My name is Petar

This is where I write about the things I find interesting

Better MVVM with Xamarin Forms

Let's start with a quick recap of the reasons I am writing this post.

The problem

I find most examples on the web regarding how to write MVVM apps at fault when it comes to choosing where to place the logic about the flow and behaviour of the app - almost all logic is stuffed into the view models. The Model in MVVM is limited to service/repository wrappers and their DTOs. I think we can do better, I think the model has to be much richer and the view models much smaller.
Then I found Redux and I knew exactly what I needed to do, so I ported it to .NET and its name is Reducto. I introduced it in a previous post and there is a quick refresher on that in a following section, but for a more detailed overview, please head over here.

Agenda for this post

In this post the rubber meets the road - Reducto orchestrating your Xamarin Forms app. I am going to focus on a very small part of an app - logging in a user. I think it is sufficiently simple and common and will allow me to focus on the technology necessary for building the feature.

There are some small pieces of glue that I might not talk about here but they are rather simple and live under the Infrastructure folder in the sample project where all material here is taken from. Although the example is with Xamarin Forms, everything should be applicable to other implementations of MVVM too.

Reducto redux recap

Reducto is a keeper of the state for your app. It helps to organize the logic that changes that state.

A quick refresher on the core concepts in Reducto:

Dispatching an action to the store is the only way to change its state.
Dispatching an async action cannot change the state but it can dispatch actions(more about that in a few paragraphs) which in turn can change the state.

Async actions

Let's jump right in and show you the action of logging a user in. It has to be async action since it needs to talk to the "external world"

Let's start with a few observation about async actions in general.

Coming back to this specific action - it returns Task and expects a parameter of type LoginInfo at the time of its invocation, containing the username and password the user has specified. It dispatches actions corresponding to the progress and the outcome of the operation. Also worth noticing is it navigates to another view model upon successful authentication.

The app state

The login async action is dispatching actions before and after the long-running network operation, but how does that affect the view on the screen? - the actions are handled by the mini-reducer responsible for that part of the state and the state is updated accordingly.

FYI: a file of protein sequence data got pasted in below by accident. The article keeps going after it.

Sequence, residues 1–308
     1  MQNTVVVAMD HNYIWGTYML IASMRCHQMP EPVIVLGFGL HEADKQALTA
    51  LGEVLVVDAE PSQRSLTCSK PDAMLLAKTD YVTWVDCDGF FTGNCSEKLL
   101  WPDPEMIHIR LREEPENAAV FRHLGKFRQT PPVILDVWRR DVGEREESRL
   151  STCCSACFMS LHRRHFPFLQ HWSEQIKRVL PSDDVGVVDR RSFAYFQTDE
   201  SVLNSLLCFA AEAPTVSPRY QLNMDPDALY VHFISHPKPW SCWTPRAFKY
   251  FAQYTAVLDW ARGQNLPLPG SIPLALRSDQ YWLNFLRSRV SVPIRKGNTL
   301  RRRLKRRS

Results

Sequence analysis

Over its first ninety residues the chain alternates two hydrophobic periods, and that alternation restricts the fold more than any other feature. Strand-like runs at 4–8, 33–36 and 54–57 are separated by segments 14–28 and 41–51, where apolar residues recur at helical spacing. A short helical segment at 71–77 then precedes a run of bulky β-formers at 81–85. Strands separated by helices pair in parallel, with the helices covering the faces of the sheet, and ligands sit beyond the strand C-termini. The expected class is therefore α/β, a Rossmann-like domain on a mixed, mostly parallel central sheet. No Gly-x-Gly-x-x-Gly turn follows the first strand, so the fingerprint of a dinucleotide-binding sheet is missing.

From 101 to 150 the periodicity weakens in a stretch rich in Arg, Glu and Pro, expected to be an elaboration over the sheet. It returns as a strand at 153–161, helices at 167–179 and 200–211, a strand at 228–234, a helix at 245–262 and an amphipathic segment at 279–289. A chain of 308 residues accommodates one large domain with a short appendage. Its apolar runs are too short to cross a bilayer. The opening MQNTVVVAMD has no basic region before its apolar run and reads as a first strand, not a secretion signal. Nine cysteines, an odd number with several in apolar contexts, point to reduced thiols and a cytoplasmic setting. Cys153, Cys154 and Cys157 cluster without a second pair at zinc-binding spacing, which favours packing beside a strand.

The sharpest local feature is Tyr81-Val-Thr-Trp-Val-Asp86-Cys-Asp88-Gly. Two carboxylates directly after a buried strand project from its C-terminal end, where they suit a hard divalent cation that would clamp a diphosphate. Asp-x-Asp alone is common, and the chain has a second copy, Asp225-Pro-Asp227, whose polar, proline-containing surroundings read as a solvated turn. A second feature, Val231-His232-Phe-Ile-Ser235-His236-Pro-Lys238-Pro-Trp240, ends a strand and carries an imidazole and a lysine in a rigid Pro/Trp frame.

Before we look at the reducer let's take a look at the declaration of the app state.

The idea here is that the complete state of the app is broken down into smaller chunks which are handled by dedicated mini-reducers. Divide and conquer my friends, divide and conquer .

The details about DeviceListPageState are intentionally missing since it is not important for this discussion.

The reducer

What follows is an abbreviated version of the App class where all "app logic" lives and the reducer is an important part of it.

A few things here. The reducer for the store is a CompositeReducer and it delegates the responsibility for different parts of the app state to other reducers, in this case - a couple of SimpleReducers, but this sort of brake down can be nested further - here is an example.

Worth noting also is the constructor of SimpleReducer where we can create the initial value for the state this reducer governs. If not provided - the state gets initilized with default values.

View model

Let's take a look at the view model for the LoginPageView

I have a very simple base class for my view models - ViewModel, which helps me find its view based on a very simple convention. Comes handy when I have to do navigation. I am also using the great Fody.PropertyChanged which saves me the annoyance of dealing with INotifyPropertyChanged.

As you can see the view model itself is quite simple. Dispatches the Login async action with the username and password the user has provided and listens for updates to the store and updates its properties accordingly. Store.createAsyncActionCommand is an extension method that creates an ICommand that dispatches an action and is something that is not part of Reducto, but might put in an Reducto.XamarinForms nuget package. For now, you can go see the source code


Needless to say this structuring of an app makes a lot more sense to me:

I know these are still early days for Reducto and may be there are some issues to be addressed but if you like where this is going, please open an issue and let's make it better.

The source code for the full sample app this post is based on can be found on GitHub.

Common guys, hit the comments and let me know what you think .

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